Fear and Loathing

I have become accustomed to accusations of hatred of women by people, who are either intellectually lazy or dishonest or confused about what I say in my blogging and writing. I have always seen these accusations as a sort of surrender from people I’ll call my philosophical opponents.

In debate over ideas, accusations of bad character, bad hygiene or bad ju-ju are nothing new for debaters unable or unwilling to address what’s actually being argued. I have thought too that the difference between a rational argument and groundless insult of character was glaringly evident to observers. When certain self identified radical proponents of a view I find unethical have habitually heaped accusations on me, ranging from sexual impotence, personal unattractiveness and deviant behavior – I’ve dismissed those insults and accusations, confident that those actors only painted themselves into an increasingly narrow corner of implausibility.

However, as many people are already aware, a high profile organization with an established reputation as proponents of human rights and opponents of bigotry and prejudice has recently announced that a movement I am a part of – along with a collection of other movements and organizations, advocates or promotes hate. This was the Southern Poverty Law Center.

Thankfully, several respected publications and channels have publicly objected to the recent pronouncements of the SPLC – confirming, for me anyway, that I have not woken up the only sane human being on a bizarro planet of the demented. Included in the protest were the American Spectator[1] and Reason Magazine[2] who both called baloney on the SPLC’s new list; Reason-Magazine doing so in several articles including the perfectly titled Fearmongering at the SPLC.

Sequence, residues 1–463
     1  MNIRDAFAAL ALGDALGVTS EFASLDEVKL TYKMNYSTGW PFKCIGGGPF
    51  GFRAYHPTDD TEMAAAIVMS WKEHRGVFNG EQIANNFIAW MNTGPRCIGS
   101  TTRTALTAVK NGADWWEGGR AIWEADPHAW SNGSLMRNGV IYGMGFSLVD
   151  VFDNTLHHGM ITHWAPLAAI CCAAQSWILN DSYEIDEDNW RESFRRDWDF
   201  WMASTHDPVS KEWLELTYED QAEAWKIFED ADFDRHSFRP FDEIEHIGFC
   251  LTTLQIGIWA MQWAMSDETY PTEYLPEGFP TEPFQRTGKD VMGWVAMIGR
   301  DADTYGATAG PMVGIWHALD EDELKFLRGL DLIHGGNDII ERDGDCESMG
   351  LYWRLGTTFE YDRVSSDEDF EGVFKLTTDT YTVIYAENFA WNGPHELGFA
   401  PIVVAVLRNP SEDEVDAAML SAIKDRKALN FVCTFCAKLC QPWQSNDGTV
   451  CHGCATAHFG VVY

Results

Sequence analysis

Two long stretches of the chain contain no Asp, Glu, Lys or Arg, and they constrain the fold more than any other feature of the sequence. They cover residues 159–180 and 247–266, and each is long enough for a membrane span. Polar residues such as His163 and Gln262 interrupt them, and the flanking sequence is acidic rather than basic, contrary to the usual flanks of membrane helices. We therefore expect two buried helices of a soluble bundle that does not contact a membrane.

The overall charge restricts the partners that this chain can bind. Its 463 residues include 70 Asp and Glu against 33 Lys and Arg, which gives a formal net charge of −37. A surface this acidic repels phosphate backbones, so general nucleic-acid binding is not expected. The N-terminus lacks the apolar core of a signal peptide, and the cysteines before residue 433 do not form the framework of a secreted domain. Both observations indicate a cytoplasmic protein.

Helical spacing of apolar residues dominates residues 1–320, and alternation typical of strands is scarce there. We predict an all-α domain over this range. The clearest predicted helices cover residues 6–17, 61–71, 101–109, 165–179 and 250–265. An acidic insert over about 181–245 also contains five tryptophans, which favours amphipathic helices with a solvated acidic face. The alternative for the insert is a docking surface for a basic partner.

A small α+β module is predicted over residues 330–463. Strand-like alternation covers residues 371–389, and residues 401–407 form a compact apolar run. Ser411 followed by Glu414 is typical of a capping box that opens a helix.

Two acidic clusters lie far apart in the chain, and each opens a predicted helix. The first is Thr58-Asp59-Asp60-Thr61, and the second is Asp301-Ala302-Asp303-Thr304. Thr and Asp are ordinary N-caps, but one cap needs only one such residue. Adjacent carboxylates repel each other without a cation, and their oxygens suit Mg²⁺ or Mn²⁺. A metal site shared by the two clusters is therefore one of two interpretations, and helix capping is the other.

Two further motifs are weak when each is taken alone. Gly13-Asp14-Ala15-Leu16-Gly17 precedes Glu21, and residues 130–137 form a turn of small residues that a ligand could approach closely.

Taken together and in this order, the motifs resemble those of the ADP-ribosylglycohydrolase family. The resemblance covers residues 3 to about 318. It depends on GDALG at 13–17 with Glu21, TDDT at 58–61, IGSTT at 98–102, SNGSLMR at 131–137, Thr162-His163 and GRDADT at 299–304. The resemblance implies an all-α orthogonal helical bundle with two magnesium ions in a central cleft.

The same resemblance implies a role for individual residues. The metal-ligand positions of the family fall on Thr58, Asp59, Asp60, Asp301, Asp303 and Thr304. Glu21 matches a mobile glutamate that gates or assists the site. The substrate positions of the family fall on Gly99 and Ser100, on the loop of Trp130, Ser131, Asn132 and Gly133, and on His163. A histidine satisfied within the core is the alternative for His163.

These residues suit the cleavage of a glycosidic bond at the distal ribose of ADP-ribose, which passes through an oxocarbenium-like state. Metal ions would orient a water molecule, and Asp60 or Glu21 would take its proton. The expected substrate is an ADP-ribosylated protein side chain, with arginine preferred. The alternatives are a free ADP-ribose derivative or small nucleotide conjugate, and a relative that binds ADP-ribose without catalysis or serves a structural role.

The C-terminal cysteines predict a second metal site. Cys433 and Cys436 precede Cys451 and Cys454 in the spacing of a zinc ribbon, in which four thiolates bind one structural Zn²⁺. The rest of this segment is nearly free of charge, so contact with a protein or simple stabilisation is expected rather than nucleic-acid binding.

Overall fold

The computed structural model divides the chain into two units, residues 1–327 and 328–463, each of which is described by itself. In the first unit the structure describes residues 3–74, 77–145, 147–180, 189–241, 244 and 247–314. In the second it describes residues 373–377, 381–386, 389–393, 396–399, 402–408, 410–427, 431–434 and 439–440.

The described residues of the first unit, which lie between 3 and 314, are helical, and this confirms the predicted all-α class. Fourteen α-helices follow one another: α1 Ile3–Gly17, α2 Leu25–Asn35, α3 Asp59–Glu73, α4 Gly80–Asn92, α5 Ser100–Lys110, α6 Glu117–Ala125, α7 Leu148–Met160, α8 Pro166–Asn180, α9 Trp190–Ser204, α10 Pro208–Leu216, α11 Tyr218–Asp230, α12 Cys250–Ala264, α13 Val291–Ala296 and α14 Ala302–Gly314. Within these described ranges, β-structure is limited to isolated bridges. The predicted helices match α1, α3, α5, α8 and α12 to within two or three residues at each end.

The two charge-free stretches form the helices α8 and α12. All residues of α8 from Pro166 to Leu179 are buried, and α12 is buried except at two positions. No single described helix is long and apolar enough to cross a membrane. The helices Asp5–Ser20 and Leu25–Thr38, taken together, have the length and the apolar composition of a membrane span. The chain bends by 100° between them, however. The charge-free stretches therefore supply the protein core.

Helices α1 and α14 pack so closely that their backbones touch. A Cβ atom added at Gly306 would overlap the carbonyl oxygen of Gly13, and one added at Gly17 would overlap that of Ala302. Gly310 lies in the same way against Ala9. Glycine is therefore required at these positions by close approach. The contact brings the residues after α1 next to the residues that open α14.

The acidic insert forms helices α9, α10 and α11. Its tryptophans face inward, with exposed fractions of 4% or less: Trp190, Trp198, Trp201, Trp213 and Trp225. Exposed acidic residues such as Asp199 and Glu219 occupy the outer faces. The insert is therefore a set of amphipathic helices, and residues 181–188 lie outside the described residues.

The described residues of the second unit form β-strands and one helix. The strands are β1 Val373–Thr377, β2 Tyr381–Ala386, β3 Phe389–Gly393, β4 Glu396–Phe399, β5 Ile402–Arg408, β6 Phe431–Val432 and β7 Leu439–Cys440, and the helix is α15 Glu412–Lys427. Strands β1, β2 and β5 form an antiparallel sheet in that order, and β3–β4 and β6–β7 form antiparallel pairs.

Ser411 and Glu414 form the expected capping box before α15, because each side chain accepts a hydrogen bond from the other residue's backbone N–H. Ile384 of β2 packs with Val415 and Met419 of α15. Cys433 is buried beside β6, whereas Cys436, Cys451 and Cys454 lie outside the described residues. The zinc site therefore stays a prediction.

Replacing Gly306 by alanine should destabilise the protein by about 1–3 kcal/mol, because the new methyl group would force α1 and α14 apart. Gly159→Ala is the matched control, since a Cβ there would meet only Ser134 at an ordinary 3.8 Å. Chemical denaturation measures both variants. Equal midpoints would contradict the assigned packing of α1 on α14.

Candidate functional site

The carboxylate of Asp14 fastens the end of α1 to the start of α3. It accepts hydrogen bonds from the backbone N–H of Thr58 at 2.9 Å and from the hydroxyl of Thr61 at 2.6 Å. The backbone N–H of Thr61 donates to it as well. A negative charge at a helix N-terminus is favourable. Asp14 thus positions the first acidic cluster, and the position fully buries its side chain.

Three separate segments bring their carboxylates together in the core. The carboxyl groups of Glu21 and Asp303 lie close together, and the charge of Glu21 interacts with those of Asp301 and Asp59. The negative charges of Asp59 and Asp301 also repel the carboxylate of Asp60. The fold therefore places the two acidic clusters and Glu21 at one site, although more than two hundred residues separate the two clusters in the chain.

However, the repeated justification for inclusion of writing within the men’s rights movement in a list of hate groups is that such writing frequently takes an openly oppositional position to an ideology calling itself, in various forms and flavors: feminism.

If you believe feminism represents a movement seeking equality of human rights between women and men, then a movement in opposition to it might indeed seem misogynistic. Misogyny is, of course, the most common argument against human rights advocates arguing that men  are mistreated by the nation’s family courts, sentenced unequally in criminal courts, characterized as either buffoons or villains by most media, and variously marginalized, shamed, silenced, and told to shut up, man up, and get back to protecting, providing, and dying when convenient.